Off the Beaten Path Beach-combing Treasures to Photograph

My son is a creature of habit and whenever we go boating we usually end up in the same places. However, the other day we stopped the boat at a new little island which was off the beaten path. The tide was going out so the beach area got bigger and bigger as the day went on, and I discovered many treasures to photograph.

As is always the case, there were many seashells inhabited by hermit crabs of all sizes. This island also contained lots of living mollusks in comparison to what I usually see.

crown conch, low tide, mud, beach, florida, mud flats, beach combing
Some hermit crabs tip their shells up like this crown conch shell in the sand.

Sometimes hermit crabs will be buried down under the sand inside a shell. Other times they are gathered in clumps just under the water. And recently I’ve noticed that some hermits tip the shell up, like the crown conch in my photo above. I did see lots of hermits, but I’ll save that for another post.

A Promising View From the Boat

As soon as we docked the boat, I could see shells scattered across the sand and two large whitish shells in the water. They turned out to be a Quahog clam and Elegant dosinia. Further down the beach I found a whole, live quahog clam which was big! I usually find these shells already broken open so finding that whole clam was a treat.

The side of the clam that had been sitting in the mud was turning black. I’ve written a post about why seashells turn black. The Dosinia nearly fooled me as I thought it was the other half of the clam – it was so large. Then I found another just under the water. These are the only two shells I brought home with me.

More Random and Interesting Shells Found on the Island

This Shark’s Eye had some nice coloring with a very blue “eye”. A hermit crab was inside.

Beautiful sharks eye moon shell

This lightning whelk was a beautiful and unique pink color with a gray top.

lightning whelk seashell in the wild
Pinkish lightning whelk

This little muddy island was home to many tulips, both banded and true varieties. They were stunning shells in the most gorgeous colors, and always home to a hermit crab.

In the photo below two hermit crabs meet up. One has a crown conch for a home and the other owns a banded tulip shell.

banded tulip shell crown conch hermit crabs

I will be writing a whole page about the beautiful tulip shells I saw on this island. Later in the day we stopped at Three Sisters where I found more awesome wildlife. The following day we did some boating near Ponce Inlet which is also a place to find islands to explore. Those islands are made of hard packed sand without the variety of shells and wildlife, but they are beautiful in other ways.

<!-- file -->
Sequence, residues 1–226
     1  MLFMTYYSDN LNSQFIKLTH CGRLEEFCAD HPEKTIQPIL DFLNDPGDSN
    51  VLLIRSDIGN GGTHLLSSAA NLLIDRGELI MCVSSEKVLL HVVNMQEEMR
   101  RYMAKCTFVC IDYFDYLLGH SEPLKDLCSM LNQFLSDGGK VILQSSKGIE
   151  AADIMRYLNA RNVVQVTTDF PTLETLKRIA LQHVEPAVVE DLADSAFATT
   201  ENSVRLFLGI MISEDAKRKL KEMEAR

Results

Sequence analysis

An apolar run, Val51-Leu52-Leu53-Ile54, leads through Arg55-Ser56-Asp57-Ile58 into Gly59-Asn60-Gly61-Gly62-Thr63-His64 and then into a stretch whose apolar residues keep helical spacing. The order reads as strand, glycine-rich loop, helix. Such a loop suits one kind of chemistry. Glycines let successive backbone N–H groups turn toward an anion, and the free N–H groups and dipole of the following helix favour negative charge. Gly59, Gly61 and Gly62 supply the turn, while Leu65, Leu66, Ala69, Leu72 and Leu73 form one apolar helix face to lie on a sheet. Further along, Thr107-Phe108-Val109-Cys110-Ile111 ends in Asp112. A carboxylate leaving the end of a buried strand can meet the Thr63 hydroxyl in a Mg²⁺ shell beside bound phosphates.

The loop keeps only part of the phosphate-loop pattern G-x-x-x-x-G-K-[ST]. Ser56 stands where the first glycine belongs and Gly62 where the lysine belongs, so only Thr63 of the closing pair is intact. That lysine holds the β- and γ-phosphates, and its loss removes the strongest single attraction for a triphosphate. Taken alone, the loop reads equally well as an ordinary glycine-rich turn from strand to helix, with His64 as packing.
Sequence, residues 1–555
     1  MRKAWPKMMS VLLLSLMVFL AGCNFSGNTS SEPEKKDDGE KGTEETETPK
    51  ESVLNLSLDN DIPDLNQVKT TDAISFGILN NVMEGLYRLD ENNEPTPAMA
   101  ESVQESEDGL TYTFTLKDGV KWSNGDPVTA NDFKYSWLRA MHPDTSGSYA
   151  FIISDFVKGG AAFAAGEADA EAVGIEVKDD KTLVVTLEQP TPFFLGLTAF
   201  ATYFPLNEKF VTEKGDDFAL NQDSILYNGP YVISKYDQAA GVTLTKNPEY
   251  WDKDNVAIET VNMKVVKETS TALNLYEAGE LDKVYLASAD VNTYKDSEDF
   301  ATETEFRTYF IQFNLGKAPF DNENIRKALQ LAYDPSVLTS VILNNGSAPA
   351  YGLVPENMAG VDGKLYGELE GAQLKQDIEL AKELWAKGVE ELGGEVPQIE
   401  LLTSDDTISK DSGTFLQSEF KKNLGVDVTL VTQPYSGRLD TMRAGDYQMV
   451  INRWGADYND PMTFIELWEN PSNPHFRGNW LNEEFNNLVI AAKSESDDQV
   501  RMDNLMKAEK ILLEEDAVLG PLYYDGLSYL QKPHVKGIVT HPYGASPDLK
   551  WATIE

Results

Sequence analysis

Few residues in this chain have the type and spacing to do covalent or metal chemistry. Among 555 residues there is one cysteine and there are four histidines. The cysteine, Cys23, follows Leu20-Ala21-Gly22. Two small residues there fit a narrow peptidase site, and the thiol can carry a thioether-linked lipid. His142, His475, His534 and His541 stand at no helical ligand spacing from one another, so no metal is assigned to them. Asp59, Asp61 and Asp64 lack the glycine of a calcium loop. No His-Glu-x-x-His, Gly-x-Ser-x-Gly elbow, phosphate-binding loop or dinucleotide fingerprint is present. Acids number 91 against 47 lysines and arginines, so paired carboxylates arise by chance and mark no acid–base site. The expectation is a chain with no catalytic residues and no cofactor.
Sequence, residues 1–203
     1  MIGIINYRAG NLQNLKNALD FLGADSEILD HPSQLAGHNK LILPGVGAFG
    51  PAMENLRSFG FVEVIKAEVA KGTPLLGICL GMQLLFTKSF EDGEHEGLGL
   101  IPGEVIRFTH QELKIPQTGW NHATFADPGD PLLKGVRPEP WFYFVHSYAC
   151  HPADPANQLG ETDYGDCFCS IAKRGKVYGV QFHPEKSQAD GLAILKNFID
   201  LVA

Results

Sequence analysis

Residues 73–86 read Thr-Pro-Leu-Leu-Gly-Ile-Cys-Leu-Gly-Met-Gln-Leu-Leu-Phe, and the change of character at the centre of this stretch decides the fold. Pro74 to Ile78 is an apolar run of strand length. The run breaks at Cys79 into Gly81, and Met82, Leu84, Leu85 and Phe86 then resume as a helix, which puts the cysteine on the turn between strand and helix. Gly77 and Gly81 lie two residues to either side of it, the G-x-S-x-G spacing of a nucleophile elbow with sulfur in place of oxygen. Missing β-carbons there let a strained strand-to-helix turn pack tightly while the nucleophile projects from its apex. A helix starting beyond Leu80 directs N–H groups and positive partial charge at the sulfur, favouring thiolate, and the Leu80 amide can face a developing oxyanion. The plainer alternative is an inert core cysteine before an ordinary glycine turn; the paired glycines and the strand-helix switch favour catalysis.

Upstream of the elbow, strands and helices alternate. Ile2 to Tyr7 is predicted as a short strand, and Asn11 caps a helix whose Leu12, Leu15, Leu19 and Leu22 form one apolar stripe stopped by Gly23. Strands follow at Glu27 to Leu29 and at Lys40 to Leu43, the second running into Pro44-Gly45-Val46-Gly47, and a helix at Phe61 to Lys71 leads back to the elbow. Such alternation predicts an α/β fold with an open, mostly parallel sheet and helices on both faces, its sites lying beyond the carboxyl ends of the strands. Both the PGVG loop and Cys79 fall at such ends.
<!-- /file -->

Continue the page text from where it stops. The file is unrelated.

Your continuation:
Once I get home and begin to go through my photos I always wish I’d paid closer attention to each shell. I’m getting into the habit of taking more photos, but it’s hard to tell out on the water how they look. I need to be better about conveying sizes. I’ve packed a pencil to use next time I get photos.

Why I Love to Find a Dosinia Clam Shell

Where I live the white, very flat, dosinia shell is a rare find. On the west / gulf coast of Florida they are more abundant. It’s one reason I love to find them on my beach-combing adventures. Also, they are simply very pretty shells.

The Dosinia below is an Elegant Dosinia, I believe and it was collected from Sanibel Island years ago. The beginnings of a hole on top was probably made by a predatory gastropod of some type. They drill into shells and eat the insides, killing the mollusk.

Dosinia in black and white
Elegant Dosinia

The Differences Between Disc Dosinias and Elegant Dosinias

Dosinias are easy to spot because they are nearly flat, unlike other types of clams which are more sloped. One major difference between the Disc and Elegant dosinia shells is the ridges. Both types contain tightly spaced horizontal ridges, but the Elegant dominica’s ridges are more easily seen. Most of the shells I collect here on the East coast of Florida are disc dosinias. They are very smooth with small ridges – see the shells below.

disc dosinia seashells
Disc Dosinia Seashells

I’ve added more Dosinias to my collection as time goes on. The large white one below was picked up by my youngest son on New Smyrna Beach. He knows I have an interest in shells so he always keeps an eye out for something I may want. I was very excited when he showed it to me.

Dosinia clam shells in all sizes
Dosinia seashells

The smaller shells in my photos were collection on an island near Disappearing Island at Ponce Inlet. I don’t know why, but that area had a large collection of very tiny Dosinias. I think it may have been a hatchery for the mollusk.

Dosinia, jingle shells, Lightning Venus clam
Dosinia, jingle shells (white and black), Lightning Venus clam